KUALA LUMPUR: Malaysia wants to brand itself internationally as a corporate nation that emphasises quality, security, service and efficiency.
And the man to lead the way will be none other than Prime Minister Datuk Seri Abdullah Ahmad Badawi.
“I’ll do that. I’m the CEO of Malaysia,” he said at a press conference after opening the Invest Malaysia 2005 Conference yesterday where he announced the names of five foreign stock brokers and one foreign fund manager which will be allowed to operate in the country.
The five stock brokers are CLSA, Credit Suisse First Boston, JP Morgan, Macquarie and UBS while the sole fund manager is Aberdeen Asset Management.
Earlier in his speech, Abdullah said that although there was a good story to tell about Malaysia, it was unfortunate that the country was consistently plagued by a perception problem, particularly among foreign investors.
“We are perceived to be still clinging on to capital controls when all major controls have been lifted.
“We are perceived to lack corporate governance when our standards are equal to, if not higher than, many other jurisdictions.”
He said that clearly Malaysia was not doing enough to publicise its efforts.
“We are not realising our full potential to effectively market and brand Malaysia. Much more can, and should, be done.
“Malaysia is truly a secret that needs to be discovered,” he said.
The conference was organised by Bursa Malaysia Bhd in collaboration with Commerce International Merchant Bankers (CIMB) and Credit Suisse First Boston.
Abdullah pointed out that the country was governed by a sound regulatory framework and prescribed to high standards of disclosure and corporate best practices.
“Let us be bold in reinforcing that we have large and well managed companies.
“And that Malaysian companies are able to compete with the best that the global business community has to offer.”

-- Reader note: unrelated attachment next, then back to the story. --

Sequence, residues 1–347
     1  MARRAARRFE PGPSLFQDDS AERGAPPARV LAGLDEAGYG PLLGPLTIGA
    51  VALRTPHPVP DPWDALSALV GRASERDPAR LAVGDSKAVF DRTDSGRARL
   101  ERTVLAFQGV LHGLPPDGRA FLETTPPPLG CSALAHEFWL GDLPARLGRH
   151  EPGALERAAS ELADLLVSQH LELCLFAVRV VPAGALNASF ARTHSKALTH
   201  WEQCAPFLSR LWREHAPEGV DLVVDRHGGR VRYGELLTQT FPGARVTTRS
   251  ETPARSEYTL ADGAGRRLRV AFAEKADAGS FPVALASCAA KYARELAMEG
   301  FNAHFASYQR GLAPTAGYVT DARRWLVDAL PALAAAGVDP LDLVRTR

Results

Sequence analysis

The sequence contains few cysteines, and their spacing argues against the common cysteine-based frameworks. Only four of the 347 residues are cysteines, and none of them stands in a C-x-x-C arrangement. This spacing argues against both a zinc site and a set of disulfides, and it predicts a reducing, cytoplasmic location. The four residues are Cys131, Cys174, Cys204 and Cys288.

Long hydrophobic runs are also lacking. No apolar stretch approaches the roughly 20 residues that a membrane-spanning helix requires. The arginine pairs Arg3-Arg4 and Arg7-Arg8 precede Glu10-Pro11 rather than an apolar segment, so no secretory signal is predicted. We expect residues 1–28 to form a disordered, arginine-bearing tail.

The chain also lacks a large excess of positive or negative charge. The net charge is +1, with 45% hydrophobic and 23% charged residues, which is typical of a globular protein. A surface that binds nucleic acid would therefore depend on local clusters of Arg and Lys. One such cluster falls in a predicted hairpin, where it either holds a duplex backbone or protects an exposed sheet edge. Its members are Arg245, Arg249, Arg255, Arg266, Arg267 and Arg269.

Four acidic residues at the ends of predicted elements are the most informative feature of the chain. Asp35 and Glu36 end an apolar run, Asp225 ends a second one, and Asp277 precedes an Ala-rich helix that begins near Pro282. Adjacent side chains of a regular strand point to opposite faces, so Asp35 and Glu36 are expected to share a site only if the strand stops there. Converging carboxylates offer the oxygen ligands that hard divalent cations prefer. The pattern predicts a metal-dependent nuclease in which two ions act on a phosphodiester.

He urged all companies, particularly the listed ones, to adopt investor relations (IR) practices and programmes.
This was because having effective IR would set them apart from competition and communicate trust to stakeholders and the public at large.
“Let me encourage all of you to go forth and tell your story. Tell Malaysia’s story to the world. Tell the story with pride and dignity; with truth and transparency; and with grace and humility,” he said.
Later at the press conference, Abdullah said the perception problem among foreign investors was quite a serious one.
“I have been following comments about what we are doing and I have come to the conclusion that they (foreign investors) are not very well briefed about what we are doing.
“Perhaps it’s our fault because we are not telling enough or we have not been very clear when we tell our story and about what we do and hope to achieve,” he said.
Asked about criticism by former deputy prime minister Datuk Seri Anwar Ibrahim that Abdullah had not fulfilled his pledge to curb corruption, he said this could not be done in a day or two because there was a lot to do.
“It’s a battle that must go on,” he said, adding that he had told the Anti-Corruption Agency (ACA) to do their job without fear or favour.
Abdullah also pointed out that the ACA needed solid evidence to act against anyone and could not depend on poison-pen letters or short message service (SMS) because it would not be right to have an innocent person publicly persecuted or persecuted by the media.
“You know that when the ACA officers go to somebody’s office, the person's reputation is gone because people would believe that he’s corrupt even if he may not be,” he said.
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